A year ago, freelance writer Joshua Foer, 22, covered and wrote about the U.S. Memory Championships for the online magazine Slate. Suitably impressed with these "mental athletes," as memory wizards are sometimes called, he began work on a book about their techniques and the science of memory. And Mr. Foer became so fascinated that he entered this year's competition.
A Yale graduate in evolutionary biology, Joshua Foer is plenty bright. But he swears he has only an average memory. "I'm no savant," he says. He insists he entered the national contest in New York in early March merely to experience and write about it from the inside. And Mr. Foer says no one was more surprised than he when he won the pressure-packed competition. With the title came two tickets to Kuala Lumpur, Malaysia, where he will represent the United States in the World Memory Championships in August.
"I have access to 2,500-year-old mnemonic techniques," Mr. Foer says. "They're the same techniques that were used by the Greeks, by the Romans, by medieval scholars. And it's actually those techniques that allowed me to do what I was able to do in the championships. Once you've learned these techniques, your ability to memorize things just improves dramatically, in the snap of a finger."
One of the world's greatest memorizers, Englishman Ed Cook, taught Joshua Foer mnemonics, the creation of unique codes and mental images to help one remember useless information like random numbers.
Mr. Foer says the concept traces to the 5th century B.C. and the Greek poet Simonides. "What he had discovered is that our brains are really good at remembering things that are visual and spatial. And from this comes the concept of 'the memory palace' -- building elaborate architectural spaces in your mind, and populating them with whatever it is you're trying to remember."
At the memory competition, contestants were instructed to riffle through a shuffled deck of cards and then recall their exact order. Mr. Foer did so well that his time of 1 minute, 40 seconds from the moment he looked at the first card until he successfully listed them all was an American record.
How did he do it?
In his mind's eye, he says, "I take a walk through my home. And I put the first card, which translates into an image of, say [former U.S. president] Bill Clinton. And I see Bill Clinton at the front door of my house. And then I walk into my house. And right behind the front door, I see the second card. Let's say it's the Queen of Diamonds, and it translates to a horse. Then I'll see that horse right inside my house. And I walk to the right, and there's a bathroom to the right, and I put another image there. And then I walk into the kitchen, and there's another image there. And as you deposit these images along the route, they stick, 'cause your brain is actually pretty good at remembering this sort of thing. And when it comes time to recall, you just walk through your house again, and you see the images in the places where you put them."
Often, Joshua Foer says, the more absurd the image the better. "For example, the King of Hearts is [singer] Michael Jackson 'moonwalking' with a white glove. You start enjoying creating these crazy images in your head -- [the comic book hero] The Incredible Hulk on a treadmill with big earrings. Frankly, that's the essence of the competition. Whoever can create the most absurd images will create the images that are the most memorable, and they will win."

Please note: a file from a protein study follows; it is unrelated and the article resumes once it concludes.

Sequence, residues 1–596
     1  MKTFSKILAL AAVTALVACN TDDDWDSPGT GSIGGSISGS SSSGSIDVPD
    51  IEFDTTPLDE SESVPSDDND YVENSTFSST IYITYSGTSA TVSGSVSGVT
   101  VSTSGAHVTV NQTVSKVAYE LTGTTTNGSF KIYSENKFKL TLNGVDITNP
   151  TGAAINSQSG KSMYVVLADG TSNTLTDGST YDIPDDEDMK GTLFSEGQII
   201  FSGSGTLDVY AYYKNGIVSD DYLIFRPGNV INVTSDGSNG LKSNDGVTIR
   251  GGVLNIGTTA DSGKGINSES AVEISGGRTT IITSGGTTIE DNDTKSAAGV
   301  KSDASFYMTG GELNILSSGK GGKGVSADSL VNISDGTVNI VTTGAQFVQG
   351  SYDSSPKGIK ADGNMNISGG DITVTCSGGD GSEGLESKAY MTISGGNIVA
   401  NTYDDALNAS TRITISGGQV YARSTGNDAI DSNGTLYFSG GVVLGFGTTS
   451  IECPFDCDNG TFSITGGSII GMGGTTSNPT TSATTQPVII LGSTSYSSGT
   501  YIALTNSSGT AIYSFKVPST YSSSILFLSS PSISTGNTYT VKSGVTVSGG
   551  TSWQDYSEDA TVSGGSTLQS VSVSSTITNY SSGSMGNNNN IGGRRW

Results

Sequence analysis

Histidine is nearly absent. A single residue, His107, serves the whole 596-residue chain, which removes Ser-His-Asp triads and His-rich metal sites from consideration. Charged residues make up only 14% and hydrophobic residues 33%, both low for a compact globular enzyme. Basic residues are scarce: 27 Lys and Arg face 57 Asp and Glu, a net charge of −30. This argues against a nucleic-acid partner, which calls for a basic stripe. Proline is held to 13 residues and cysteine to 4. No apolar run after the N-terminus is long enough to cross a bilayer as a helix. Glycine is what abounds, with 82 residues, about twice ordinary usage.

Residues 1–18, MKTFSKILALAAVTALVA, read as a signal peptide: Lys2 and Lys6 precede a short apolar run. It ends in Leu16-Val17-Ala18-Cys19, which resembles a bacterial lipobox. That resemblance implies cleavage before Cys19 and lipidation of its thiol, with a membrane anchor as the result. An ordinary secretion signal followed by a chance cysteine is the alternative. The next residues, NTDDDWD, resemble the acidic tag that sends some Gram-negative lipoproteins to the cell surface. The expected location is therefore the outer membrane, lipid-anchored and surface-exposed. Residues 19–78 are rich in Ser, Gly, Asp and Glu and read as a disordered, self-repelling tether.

Joshua Foer calls such exercises the kind of "cute parlor trick" that has made him a hit at parties, but that can also have practical value. There's a teacher in the South Bronx section of New York City at an inner-city high school, he notes, "whose students compete in the U.S. Memory Championships. In school, they use these the same techniques to literally memorize every important concept in their U.S. history textbook. So it's not surprising that these students all 'aced' [scored high] on the Regents' [college aptitude] exam. So it's incredibly useful."
Other challenges at the National Memory Championships included memorizing a previously unpublished poem, as well as 100 names and faces from photographs. At one point, five people walked onstage and began rattling off assorted details of their lives. Joshua Foer remembers it well. Out spilled "the name of their cat, where they were born, their birthday, their telephone number. And I said, 'Oh, man, the system I had prepared is just not going to work. I have to actually listen to these people and try as hard as I can to remember what they're telling me. I completely threw out the system I'd been preparing and training with. It's hard to listen to somebody and spit back their phone number, for example. It's almost impossible. So I didn't do as well on that event as I would have liked."
Although Joshua Foer competed in the U.S. Memory Championships almost as a lark, now that he's won he's a part of a subculture of memory buffs -- the "memory circuit," as he calls it. "I think this may be like winning an Academy Award. For the rest of my life, I'm going to be that guy who won the U.S. Memory Championships. Hopefully it will just be a curious footnote."
And the worst part of his newfound fame?
"Well, people are really interested in seeing you do your tricks. It's like, 'Bring the monkey out on stage, and let's watch him memorize a deck of cards,'" he says. "That's fine. I'm happy to do it. But I would hope that people would realize that there's more to me, and more to the story, than that."
Joshua Foer will have lots of opportunities to show off his mental gymnastics in the months between now and August, when he and a guest head for . . . where was it again? . . . Malaysia! and the World Memory Championships.